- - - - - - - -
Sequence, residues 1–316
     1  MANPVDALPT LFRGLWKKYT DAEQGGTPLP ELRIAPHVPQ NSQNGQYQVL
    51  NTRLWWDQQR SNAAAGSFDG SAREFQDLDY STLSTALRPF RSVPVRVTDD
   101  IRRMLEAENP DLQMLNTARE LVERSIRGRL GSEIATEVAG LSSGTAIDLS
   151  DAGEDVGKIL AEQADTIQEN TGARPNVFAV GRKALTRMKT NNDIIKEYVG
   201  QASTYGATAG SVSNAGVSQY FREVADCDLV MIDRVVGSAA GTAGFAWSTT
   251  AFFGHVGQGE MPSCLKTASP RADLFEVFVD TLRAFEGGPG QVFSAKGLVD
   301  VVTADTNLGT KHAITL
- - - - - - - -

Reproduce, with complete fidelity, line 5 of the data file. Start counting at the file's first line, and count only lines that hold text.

   151  DAGEDVGKIL AEQADTIQEN TGARPNVFAV GRKALTRMKT NNDIIKEYVG